Then came Targis of Tortolosa. "Well now, wise and exalted king and father of my wife," he said [to Marsilie], "suppose Mohammed lets me win fame today by bringing you the head of your enemy Roland. I'll put an end to his arrogance. Standing before the emperor, he drew his sword, spoke slightingly of you, and brazenly dclared that he would force the whole world to pay tribute and be subject to his lord. I'll whet my good Palswende in his heart's blood, for — as you should know — your honor is as dear to me as his lord's is to Roland.In the equivalent scene in Chanson de Roland (LXXIV, ll. 916-), Turgis de Turteluse boasts before Marsile that he will cross his good long sword with Roland's ⇒Durendal, but the saracen's sword-name goes unmentioned. And when the Battle of Ronceveaux does take place, Turgis winds up being challenged and killed by Anseis (Anseïs, Ch. Roland; Ansîse KdG line 5733).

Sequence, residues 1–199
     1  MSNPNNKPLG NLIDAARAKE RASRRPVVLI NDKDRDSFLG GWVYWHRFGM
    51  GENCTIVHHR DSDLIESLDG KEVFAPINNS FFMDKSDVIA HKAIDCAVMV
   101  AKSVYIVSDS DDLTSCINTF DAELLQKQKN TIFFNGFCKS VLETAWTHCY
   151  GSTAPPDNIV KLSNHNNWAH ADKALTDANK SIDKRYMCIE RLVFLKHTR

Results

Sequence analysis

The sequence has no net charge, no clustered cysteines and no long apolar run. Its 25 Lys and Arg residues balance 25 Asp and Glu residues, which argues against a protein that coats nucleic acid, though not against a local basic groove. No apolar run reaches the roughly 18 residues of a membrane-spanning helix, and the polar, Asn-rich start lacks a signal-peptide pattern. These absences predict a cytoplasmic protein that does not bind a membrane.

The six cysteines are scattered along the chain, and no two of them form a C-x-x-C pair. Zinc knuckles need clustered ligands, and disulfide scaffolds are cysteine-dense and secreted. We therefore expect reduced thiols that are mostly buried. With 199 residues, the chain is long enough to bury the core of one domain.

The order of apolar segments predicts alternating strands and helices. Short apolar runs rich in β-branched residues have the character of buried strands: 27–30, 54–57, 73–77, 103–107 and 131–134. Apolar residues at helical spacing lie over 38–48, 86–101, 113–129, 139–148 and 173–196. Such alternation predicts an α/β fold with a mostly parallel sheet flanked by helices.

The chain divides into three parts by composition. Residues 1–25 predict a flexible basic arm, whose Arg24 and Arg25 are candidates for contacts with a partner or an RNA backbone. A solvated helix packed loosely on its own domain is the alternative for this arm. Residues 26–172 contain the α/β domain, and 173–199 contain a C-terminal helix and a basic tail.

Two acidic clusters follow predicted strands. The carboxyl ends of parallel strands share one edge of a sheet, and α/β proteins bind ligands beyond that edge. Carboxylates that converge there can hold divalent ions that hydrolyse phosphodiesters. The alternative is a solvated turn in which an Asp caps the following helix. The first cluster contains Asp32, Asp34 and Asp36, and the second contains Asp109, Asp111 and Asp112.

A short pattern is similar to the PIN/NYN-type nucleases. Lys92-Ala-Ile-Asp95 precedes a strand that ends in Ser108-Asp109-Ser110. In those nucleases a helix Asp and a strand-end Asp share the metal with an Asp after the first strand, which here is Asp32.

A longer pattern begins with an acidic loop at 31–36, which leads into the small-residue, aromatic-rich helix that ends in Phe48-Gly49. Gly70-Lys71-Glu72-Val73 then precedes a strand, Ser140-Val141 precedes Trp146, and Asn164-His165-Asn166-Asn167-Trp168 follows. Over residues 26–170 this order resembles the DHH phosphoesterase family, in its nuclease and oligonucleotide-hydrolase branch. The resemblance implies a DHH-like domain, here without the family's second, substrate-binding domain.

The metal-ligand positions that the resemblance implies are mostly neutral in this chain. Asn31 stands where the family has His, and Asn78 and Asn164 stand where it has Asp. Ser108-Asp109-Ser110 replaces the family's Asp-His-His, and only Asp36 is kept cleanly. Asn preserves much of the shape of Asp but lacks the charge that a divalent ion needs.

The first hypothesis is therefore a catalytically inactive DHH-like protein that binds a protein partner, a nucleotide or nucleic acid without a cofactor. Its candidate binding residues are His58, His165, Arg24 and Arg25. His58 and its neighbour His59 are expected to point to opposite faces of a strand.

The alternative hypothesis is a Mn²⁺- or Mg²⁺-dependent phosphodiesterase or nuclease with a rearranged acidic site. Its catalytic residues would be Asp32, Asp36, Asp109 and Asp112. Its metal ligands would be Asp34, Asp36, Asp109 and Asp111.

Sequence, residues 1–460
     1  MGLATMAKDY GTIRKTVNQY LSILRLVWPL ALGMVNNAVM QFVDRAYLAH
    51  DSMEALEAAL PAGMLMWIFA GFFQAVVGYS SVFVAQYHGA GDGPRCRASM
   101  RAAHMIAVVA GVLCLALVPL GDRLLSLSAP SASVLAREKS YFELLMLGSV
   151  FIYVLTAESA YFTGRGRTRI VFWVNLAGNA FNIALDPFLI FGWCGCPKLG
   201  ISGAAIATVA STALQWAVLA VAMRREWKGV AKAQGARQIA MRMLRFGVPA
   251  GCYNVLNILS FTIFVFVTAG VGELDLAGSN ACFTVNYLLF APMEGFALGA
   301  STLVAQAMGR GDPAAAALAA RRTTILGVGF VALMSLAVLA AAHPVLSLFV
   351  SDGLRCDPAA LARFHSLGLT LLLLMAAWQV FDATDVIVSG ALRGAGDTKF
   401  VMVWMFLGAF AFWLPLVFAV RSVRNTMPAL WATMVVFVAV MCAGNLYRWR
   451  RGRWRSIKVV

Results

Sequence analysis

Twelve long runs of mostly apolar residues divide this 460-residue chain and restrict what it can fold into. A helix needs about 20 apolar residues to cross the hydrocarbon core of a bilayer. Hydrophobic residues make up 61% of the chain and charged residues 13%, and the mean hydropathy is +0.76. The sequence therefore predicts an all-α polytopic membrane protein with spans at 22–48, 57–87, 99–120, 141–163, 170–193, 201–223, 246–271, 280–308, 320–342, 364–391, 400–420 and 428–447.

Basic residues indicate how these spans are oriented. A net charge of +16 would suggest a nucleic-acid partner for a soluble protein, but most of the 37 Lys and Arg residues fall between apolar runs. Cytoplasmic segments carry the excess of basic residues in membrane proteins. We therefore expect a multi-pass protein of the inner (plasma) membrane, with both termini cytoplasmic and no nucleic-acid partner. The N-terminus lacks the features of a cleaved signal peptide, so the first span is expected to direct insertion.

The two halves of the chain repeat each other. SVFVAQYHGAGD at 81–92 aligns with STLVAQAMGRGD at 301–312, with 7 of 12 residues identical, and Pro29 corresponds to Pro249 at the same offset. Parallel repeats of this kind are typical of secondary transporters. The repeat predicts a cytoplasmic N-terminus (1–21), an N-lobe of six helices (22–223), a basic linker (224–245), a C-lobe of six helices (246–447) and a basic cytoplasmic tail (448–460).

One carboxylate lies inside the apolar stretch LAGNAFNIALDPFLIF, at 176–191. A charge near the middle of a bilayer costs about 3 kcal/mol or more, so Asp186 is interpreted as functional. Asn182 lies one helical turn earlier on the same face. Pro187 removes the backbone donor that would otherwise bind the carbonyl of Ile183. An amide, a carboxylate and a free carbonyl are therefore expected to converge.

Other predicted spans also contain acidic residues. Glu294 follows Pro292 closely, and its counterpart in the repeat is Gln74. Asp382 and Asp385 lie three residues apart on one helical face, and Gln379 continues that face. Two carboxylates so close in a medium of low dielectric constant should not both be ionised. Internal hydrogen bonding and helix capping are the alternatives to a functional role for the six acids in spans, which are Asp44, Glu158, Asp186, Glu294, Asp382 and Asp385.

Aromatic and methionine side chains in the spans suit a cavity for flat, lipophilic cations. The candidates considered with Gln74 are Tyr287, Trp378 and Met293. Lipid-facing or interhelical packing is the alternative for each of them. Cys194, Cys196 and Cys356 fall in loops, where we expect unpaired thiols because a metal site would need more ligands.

*1 I would guess this is from Baudouin, son of the traitor Ganelon and thus half-brother of Roland. In the German version after Ganelon receives a helm from Oliboris (=*Climborins), he expresses the wish to be able to pass it down to his young son Baldewin. A BNF Français 6465, fol. 113 (dated 1455-1460, Grandes chroniques de france) depicts this Baudouin kneeling at the corpse of Roland. *2 Tortosa, Spain is oft mentioned in Guillame d'Orange as Vivien's headquarter.